I would add that Arnautoff’s work also deserves to stay because he was a major artist in San Francisco history. Arnautoff was, for example, also responsible for several significant murals in Coit Tower, which were themselves once controversial, as Igor notes. One mural that upset some people during the Red Scares of the McCarthy era included a newsstand selling the Communist Daily Worker but not mainstream newspapers.

‘Time in My Coffee’ is available at Point Reyes Books, Gallery Route One, & Book Passages in Corte Madera

Caveat lectorem: When readers submit comments, they are asked if they want to receive an email alert with a link to new postings on this blog. A number of people have said they do. Thank you. The link is created the moment a posting goes online. Readers who find their way here through that link can see an updated version by simply clicking on the headline above the posting.

Inverness artist/architect Igor Sazevich has just published “an art-full autobiography,” and it is indeed a work of art. It describes the joys of architecture, such as designing restaurants for Nordstrom department stores, and the pains, such as doing design work for Jack Kent Cooke, owner of the Los Angeles Lakers.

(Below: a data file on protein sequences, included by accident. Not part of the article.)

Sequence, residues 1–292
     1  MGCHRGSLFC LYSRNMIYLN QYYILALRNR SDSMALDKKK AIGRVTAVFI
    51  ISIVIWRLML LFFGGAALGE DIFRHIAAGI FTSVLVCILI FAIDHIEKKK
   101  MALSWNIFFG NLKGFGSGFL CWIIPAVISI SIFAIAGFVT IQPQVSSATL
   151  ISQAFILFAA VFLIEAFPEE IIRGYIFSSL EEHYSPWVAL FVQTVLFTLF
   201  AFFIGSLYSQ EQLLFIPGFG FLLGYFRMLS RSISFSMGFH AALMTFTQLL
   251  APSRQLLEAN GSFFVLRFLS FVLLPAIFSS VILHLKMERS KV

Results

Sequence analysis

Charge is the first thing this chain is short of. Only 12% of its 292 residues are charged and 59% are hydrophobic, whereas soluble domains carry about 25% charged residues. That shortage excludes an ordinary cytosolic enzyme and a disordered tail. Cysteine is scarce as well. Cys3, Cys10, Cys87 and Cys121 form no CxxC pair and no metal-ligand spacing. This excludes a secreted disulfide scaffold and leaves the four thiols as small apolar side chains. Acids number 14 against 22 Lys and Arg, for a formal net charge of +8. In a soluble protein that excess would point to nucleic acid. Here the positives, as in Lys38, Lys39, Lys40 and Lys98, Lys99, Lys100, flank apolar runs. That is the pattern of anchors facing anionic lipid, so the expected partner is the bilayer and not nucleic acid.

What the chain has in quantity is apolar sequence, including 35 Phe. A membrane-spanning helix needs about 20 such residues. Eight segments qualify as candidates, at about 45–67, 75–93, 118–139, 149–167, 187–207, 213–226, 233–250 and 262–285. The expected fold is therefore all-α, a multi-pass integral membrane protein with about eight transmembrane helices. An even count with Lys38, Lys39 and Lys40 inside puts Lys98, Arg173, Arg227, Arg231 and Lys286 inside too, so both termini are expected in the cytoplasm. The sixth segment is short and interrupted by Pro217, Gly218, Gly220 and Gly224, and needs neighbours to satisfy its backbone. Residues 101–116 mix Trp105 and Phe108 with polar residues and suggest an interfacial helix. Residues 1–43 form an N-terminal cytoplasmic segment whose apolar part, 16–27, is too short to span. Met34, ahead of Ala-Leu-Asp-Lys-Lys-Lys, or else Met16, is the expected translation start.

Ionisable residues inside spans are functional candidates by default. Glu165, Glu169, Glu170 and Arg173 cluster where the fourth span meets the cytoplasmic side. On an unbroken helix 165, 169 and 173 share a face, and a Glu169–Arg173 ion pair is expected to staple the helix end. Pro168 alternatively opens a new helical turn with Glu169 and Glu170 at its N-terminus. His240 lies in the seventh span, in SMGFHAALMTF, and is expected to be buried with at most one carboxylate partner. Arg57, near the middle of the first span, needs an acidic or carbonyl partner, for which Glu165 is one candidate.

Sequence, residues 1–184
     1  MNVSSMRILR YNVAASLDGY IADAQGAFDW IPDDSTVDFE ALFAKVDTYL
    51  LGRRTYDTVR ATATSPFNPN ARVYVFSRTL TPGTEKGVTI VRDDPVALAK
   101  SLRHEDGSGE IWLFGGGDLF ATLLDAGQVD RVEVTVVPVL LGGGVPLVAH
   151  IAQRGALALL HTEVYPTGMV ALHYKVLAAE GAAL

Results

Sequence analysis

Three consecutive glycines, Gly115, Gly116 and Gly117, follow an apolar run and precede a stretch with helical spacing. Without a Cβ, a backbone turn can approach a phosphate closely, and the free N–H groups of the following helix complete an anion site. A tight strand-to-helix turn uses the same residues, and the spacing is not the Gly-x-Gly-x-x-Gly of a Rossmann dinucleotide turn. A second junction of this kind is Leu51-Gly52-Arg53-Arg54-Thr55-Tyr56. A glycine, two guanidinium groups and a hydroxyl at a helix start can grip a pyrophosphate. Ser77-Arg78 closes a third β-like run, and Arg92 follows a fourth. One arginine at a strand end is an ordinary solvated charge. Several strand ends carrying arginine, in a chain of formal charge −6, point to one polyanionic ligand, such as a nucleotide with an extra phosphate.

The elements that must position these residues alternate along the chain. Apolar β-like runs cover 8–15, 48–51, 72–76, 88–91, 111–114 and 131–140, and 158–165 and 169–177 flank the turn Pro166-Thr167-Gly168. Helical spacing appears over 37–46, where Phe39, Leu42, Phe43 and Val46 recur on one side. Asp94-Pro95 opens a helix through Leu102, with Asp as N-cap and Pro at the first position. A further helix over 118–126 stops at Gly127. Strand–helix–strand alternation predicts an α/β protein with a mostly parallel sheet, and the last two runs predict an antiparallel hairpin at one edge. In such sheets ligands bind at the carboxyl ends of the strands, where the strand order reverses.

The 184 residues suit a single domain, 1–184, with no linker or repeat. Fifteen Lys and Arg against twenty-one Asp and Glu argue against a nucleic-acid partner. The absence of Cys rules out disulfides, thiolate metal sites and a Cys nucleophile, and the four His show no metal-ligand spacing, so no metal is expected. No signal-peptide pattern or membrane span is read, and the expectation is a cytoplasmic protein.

Igor likewise writes candidly about his romantic adventures and his marriage into the Romanov family. His late wife, Natasha, was the niece of Prince Vasili Romanov, the nephew of the last tsar of Russia. She was also a cousin of Andrew Romanov of Inverness.

Igor Sazevich sitting behind Toby’s Coffee Bar.

Igor’s parents were both refugees from post-revolutionary Russia. His father was a sculptor and teacher while his mother designed window displays for San Francisco’s famed City of Paris department store.

At left, a home along the water in Marshall originally designed by Igor for professor/poet Mark Linenthal. At right, Igor’s Cedar Landing building in Inverness. (Photos from Time in My Coffee)

Igor spent much of his adult life working in his San Francisco office and then moving to his Sausalito office. From reading his accounts, one begins to understand just how complicated architecture can be in unexpected ways. For example, after buying what had been a private parking lot, Igor in 1992 built his new office on Sausalito’s Caledonia Street.